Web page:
• Does your disability support services office verify accessibility before providing an electronic textbook to a student?

  • Does your campus ensure that tactile graphics comply with the Braille Authority of North America's "Guidelines and Standards for Tactile Graphics" and are proofed by a qualified proofreader?

Websites

  • Are your institution’s public website, web interface to any student or staff information system, as well as web applications and web content accessible in accordance with WCAG 2.0 Level AA standards?

  • Are third-party content, websites, forms, and applications used by your institution to complete critical or important transactions (e.g., campus housing, campus dining, class registration, payment of bills, requests for transcripts, completion of required training) accessible in accordance with WCAG 2.0 AA?

  • Has your campus implemented processes to:

  • train all new content creators to create content and provide reference materials accessibly?

  • periodically monitor and remediate any barriers on any subsequently added web pages or content?

  • provide a prominent link on its website to an accessible form reporting any barriers for remediation?

  • conduct user testing to identify accessibility barriers to any major revisions of its website to ensure compliance prior to implementation of such revisions?

Contact the NFB

The National Federation of the Blind knows that blindness does not define blind students or their futures. We work to raise expectations and to remove obstacles between blind students are their dreams. The NFB’s Center of Excellence in Nonvisual Access to Education, Public Information, and Commerce, serves to share the considerable knowledge that the NFB and its partners have of web accessibility and access technology in order to bring about greater accessibility in government, education, business, and to promote best practices nationally.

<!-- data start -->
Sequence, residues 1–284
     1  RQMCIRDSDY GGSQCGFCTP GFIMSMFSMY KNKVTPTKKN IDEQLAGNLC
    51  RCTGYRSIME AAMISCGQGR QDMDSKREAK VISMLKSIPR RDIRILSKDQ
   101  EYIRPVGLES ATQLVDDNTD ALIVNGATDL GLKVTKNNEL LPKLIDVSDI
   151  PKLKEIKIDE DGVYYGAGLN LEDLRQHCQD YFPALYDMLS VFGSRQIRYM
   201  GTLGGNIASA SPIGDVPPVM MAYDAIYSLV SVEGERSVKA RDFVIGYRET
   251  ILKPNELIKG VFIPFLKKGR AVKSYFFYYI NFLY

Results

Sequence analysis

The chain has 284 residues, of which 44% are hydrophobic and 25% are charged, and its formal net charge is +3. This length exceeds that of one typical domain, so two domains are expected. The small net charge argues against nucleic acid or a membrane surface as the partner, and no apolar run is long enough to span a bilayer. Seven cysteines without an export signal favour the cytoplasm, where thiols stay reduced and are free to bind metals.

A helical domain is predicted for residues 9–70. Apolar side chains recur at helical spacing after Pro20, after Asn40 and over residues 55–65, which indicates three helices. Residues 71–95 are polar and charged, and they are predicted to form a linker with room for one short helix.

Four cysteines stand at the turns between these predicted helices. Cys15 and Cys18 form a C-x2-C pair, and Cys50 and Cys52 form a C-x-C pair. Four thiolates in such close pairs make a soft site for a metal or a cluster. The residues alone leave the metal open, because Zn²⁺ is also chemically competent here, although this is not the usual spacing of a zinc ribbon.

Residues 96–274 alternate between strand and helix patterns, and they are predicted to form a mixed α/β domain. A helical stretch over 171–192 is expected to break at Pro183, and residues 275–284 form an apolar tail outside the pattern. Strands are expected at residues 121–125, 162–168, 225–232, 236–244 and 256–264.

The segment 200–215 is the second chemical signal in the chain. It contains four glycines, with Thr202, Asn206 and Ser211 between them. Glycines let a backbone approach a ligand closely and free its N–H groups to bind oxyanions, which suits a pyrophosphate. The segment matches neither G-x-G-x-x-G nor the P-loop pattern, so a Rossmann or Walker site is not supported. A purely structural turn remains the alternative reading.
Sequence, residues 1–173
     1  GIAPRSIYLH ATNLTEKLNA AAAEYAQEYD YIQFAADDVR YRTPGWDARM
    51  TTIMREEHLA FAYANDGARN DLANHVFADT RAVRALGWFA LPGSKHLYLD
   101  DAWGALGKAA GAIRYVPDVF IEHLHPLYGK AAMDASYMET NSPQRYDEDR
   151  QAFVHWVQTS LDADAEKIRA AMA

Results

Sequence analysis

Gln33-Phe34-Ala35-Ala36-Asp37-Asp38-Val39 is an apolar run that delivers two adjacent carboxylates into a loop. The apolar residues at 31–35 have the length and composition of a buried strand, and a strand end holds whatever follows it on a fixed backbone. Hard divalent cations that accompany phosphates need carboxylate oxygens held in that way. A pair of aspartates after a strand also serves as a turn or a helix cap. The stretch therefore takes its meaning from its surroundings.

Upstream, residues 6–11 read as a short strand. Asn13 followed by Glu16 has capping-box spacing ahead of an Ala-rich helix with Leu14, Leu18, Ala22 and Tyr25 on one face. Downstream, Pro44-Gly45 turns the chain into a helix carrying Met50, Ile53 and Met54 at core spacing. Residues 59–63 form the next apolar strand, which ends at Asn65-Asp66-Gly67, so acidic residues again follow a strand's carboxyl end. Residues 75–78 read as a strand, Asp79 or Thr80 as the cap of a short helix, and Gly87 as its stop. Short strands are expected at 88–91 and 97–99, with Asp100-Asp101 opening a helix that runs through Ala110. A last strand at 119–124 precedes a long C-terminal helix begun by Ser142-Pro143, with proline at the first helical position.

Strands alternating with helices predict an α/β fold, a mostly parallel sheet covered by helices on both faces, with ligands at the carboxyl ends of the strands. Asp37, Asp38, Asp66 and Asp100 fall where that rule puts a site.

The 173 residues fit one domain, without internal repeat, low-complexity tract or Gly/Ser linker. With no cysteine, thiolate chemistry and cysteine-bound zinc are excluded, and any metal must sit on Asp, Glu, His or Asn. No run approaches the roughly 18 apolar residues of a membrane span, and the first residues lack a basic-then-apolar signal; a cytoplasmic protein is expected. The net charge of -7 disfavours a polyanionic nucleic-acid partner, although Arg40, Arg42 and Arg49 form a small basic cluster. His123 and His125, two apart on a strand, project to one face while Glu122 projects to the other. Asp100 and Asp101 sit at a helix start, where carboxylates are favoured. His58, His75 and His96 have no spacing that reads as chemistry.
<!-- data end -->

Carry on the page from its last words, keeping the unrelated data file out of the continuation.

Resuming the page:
Contact us for more information:

National Federation of the Blind
Center of Excellence in Nonvisual Access to Education,
Public Information, and Commerce
200 East Wells Street
        at Jernigan Place
Baltimore, Maryland 21230
410- 695-9314, extension 5
emai: [email protected]

Student Testimonies

As a reminder of why accessibility on campus is necessary, the following students’ stories attest to how access barriers can greatly impact, if not derail, college experiences and ultimately career successes. These are just a sample of the students who are affected by inaccessibility on campus.

  • “A few semesters ago, I took a statistics class which had a significant online component. All homework was completed online, and there were myriad study tools which could be accessed electronically. I knew the class was going to be a challenge for me, math is not my strongest subject, but was looking forward to utilizing the online resources. Much to my disappointment, they were completely inaccessible to me. I was able to complete the assignments with the help of a sighted reader, but could not access the study material at my leisure as my sighted peers could. I don’t mind struggling through an inherently challenging class, but when that struggle is compounded by inaccessible material, it is discouraging indeed.